This means that to start the mechbox, the motor will need around 22-30A for a split second. As soon as the motor start moving, that value drops until the motor reaches maximum speed. If the motor cannot drain enough current from the battery, the acceleration will be delayed.

Electric motors rely on electro-magnetic fields to work. The strengh of a magnetic field is dictated by the CURRENT that flows in the coils. This means that is the motor can drain only 10A and need 20A, it will produce only half the stall torque it could.

An normal NiMh battery will be able to deliver at MOST 15A in a peak, and around 10A continuous.

A normal LiPo (10C) will be able to deliver at MOST 30-35A in a peak and around 12A continuous.

Since stall current is only a fraction of second, the current draw is high for a very short period of time.

Here comes the problem.

We fire in semi-auto. This means that the motor will go in stall at every BB we shoot. On top of it, when firing full auto, each time the spring is released, the motor reaches maximum speed and is then decelerated very fast when the piston re-engages. This causes the magnetic field to be very light when spinning fast, and suddenly it requires to be very strong. Again, higher current drain (not stall current, but at least 5 times the free-spin current).

The way batteries work is not the same for all chemistry.

NiCd and NiMh cells have a very limited current rate. This is caused by the way the chemicals reach inside the battery. Even if needed, the reaction cannot be pushed past a certain point. Pushing it still generates a lot of heat, but since the components are fairly stable, a temperature under 150 degreesF is unlikely to cause an explosion. It will deteriorate the battery however.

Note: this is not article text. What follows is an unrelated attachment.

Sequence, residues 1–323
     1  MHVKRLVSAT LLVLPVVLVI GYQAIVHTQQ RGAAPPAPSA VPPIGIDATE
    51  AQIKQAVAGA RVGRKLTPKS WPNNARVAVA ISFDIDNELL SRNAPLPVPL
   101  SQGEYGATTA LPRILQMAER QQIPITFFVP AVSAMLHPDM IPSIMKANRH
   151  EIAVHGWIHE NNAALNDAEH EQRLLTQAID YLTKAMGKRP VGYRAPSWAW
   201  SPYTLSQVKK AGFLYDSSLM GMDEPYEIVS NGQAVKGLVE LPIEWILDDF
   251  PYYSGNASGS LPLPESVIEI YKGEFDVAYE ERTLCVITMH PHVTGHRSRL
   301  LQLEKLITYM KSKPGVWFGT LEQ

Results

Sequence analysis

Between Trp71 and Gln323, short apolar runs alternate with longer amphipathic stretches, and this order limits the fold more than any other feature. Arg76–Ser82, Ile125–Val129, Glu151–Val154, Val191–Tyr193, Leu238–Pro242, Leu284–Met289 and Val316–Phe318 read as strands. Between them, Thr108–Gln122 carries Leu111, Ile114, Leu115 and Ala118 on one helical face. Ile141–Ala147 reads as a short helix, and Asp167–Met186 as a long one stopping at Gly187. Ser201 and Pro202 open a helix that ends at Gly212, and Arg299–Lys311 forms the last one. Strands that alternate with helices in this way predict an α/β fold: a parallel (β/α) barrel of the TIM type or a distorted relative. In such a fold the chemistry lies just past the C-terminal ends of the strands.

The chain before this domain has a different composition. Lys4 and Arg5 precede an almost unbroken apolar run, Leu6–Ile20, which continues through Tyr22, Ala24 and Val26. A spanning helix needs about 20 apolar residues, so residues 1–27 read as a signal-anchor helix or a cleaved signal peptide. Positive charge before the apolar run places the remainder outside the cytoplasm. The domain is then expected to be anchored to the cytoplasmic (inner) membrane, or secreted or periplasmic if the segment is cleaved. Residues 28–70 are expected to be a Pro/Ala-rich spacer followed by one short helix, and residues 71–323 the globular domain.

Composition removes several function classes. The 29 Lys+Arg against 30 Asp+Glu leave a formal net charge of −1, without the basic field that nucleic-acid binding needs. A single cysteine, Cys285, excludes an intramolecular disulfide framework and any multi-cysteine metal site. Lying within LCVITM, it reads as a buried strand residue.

LiPo cells are very different. There is two reactions at the same time that produces electricity. One is very active and the other is about the same as the one in NiMh cells. The problem is that the active one will not stop at a certain limit. It can accelerate as long as there is a need for more current.
That reaction generates a lot of heat.
Heat is the problem. The mix of chemicals used in LiPo batteries is a lot more unstable than NiMh of NiCd mix. Heating it releases hydrogen in large quantity. As you may know, hydrogen reacts with oxygen in a violent explosion and generates water. It is also a gas that causes pressure inside the battery. LiPo batteries are made from a Lithium film layed over a polymer core and folded over and over to form a flat roll. This is then wraped in a plastic sleeve, then an aluminum one and plastic again (for protection and insulation). Aluminum is a very brittle metal and is not expandable. This means that the protective sleeve can be damaged by the pressure build-up of the hydrogen.

This is when it can become dangerous:

When the pressure is too high, the sleeve fails and released the hydrogen in the surrounding air. This hydrogen is already very hot and now has plenty of oxygen to react with. The sleeve bursting is making a noise similar to a popped ballon, but is soon followed by a torch-like flame and the noise that comes with it. That flame is around 4000 degreeF or 2200 degreeC. It is hotter than a regular propane torch flame. To give you an idea, glass will melt and evaporate at that temperature.
The hydrogen burning is producing heat and water. Lithium is an alkali metal. It means that it reacts with water. The reaction with water is producing mainly hydrogen and also a lot (I mean a LOT lot) of heat.